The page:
“I was feeling so bad, really I thought I was going to die,” he recalls.

Don Neidlinger had asked repeatedly to buy the business, and one day Dewitt says he was “really feeling lousy…and I said, ‘OK…I literally gave it to him.”

After Neidlinger took over the alley in early 1978, Mary Dewitt agreed to manage it for $2.50 an hour; Jim would go help her, free of charge, and within a few weeks, business was good.

One Sunday in October, 1978, a new fryer caught fire and the building — and the adjacent coffee shop — was soon in flames. The Lakeview Tavern next door, in fact, wound up replacing its roof and sidewalk as a result of the spectacular fire.

Mary and Jim Dewitt retired then, Jim lending a hand to nearby Poppe’s appliances on occasion, as needed, for a time. Mary passed away in 2005, and Jim – Culver’s last Pearl Harbor survivor – celebrated his 90th birthday with a flood of well wishers in the summer of 2011.

In the early 1980s, the (much larger) bowling alley on State Road 10 was built by James Sarna, who told Dewitt he’d had a chance to procure 14 lanes, quite a lot, says Dewitt, for Culver. Don Neidlinger would later buy the alley.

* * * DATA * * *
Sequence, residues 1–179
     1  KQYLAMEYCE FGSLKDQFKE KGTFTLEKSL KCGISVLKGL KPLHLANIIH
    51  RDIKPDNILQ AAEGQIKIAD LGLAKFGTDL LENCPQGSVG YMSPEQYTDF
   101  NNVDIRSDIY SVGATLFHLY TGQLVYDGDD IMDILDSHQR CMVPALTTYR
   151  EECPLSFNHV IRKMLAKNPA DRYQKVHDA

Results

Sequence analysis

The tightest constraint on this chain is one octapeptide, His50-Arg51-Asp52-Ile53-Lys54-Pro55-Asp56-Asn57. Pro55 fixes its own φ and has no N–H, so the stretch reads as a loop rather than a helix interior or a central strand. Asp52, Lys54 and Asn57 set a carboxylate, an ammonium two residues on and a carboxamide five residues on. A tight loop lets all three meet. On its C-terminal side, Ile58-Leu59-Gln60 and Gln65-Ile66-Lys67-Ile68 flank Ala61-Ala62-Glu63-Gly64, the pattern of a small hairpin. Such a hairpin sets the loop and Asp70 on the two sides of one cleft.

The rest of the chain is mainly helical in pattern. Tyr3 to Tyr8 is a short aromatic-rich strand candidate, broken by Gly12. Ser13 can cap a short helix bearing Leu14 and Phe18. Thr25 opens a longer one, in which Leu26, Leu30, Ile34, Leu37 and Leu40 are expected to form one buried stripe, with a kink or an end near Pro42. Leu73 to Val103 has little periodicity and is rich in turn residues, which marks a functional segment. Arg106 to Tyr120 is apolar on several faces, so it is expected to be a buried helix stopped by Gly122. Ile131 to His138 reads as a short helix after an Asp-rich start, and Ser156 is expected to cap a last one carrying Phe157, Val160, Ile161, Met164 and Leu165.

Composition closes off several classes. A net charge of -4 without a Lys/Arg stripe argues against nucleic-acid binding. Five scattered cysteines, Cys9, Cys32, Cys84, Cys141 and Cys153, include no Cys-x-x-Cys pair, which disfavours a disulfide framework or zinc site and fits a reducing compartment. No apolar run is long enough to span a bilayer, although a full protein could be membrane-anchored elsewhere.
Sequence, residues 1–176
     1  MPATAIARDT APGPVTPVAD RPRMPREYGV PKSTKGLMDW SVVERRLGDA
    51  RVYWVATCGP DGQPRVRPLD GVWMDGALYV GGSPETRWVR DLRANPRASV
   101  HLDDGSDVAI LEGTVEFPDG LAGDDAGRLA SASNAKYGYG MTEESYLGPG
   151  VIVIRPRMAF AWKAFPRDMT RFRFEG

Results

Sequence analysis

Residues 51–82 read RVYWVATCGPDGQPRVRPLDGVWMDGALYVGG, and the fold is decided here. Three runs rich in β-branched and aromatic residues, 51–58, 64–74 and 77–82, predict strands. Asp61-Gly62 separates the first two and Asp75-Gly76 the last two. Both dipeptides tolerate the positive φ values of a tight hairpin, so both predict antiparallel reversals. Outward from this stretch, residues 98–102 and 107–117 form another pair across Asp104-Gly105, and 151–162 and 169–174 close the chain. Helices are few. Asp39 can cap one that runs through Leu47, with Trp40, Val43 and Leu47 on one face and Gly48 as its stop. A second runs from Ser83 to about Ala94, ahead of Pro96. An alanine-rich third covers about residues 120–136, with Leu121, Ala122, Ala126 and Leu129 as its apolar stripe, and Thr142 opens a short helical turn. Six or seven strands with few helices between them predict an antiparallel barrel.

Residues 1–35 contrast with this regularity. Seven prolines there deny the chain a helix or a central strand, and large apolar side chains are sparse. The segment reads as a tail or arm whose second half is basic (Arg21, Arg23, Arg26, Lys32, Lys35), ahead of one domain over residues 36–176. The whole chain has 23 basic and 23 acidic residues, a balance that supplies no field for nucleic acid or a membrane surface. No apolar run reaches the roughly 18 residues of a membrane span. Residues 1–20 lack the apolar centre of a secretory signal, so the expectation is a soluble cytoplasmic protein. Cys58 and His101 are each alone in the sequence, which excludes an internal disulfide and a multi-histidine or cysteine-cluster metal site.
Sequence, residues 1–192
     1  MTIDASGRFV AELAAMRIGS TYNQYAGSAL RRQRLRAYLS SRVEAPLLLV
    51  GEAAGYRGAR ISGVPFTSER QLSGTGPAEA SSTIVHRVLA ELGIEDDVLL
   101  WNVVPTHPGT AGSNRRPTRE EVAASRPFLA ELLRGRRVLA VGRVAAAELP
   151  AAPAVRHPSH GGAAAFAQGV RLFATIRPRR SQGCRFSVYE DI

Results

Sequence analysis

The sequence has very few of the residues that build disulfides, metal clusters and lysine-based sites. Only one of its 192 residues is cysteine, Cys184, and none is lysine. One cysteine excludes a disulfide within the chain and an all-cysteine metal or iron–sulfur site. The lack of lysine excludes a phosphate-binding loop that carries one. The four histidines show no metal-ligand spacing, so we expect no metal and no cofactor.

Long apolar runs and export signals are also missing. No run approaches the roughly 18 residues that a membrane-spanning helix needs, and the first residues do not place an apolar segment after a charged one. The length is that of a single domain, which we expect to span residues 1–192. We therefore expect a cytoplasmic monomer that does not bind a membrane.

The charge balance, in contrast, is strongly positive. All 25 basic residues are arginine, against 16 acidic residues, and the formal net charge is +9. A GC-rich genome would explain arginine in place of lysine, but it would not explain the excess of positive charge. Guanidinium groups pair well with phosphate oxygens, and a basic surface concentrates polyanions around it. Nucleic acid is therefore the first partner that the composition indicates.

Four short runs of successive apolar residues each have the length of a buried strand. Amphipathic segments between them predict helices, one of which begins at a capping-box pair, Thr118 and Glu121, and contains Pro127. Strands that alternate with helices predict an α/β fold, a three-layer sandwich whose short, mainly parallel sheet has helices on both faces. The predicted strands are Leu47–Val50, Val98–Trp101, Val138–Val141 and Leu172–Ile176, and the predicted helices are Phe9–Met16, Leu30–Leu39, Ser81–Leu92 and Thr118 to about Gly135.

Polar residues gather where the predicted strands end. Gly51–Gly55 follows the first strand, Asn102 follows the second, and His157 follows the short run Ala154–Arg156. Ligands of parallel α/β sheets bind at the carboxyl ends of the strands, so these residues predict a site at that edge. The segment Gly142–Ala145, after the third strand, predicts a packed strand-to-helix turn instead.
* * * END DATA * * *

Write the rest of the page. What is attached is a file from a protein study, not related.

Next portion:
Looking back, Jim Dewitt recalls the patronage of the people of Culver with perhaps as much fondness as they have for the Dewitt family — and of course the food they sold!

Exemplary of this, he says, are a few incidents. Once, during the first few years of his ownership of the alley, a customer asked if he planned to go to Florida over the holidays to visit Mary’s family, only to be told by Dewitt that the business kept the family too busy to do so. Shortly thereafter, he was told in no uncertain terms that the Dewitt family would, after all, spend the holidays in Florida….with a handful of loyal customers running the alley for them!

Another time, some years later, Dewitt undertook the arduous task of replacing the floor in the bowling alley. A group of customers showed up to inform him he wasn’t doing it alone, and began the reflooring work.

“I think that just goes to show you,” says Jim Dewitt, “how things can be in a small town.”





Jim Dewitt’s journey: from orphanage to Pearl Harbor to Culver


Jim Dewitt, born in Morocco, Ind., lost his mother and father to tuberculosis when he was age 4 (his mother) and 6 (his father), leaving him and his brother and sister to grow up mostly at an orphanage in Mexico, Indiana.

He relates a series of adventures after being placed on a farm 100 miles from the orphanage, from which he ran away, walking to Warsaw where a deputy sheriff picked him up and took him to jail, later spending the night at the sheriff’s house and watering the courthouse flowers in exchange for his meals.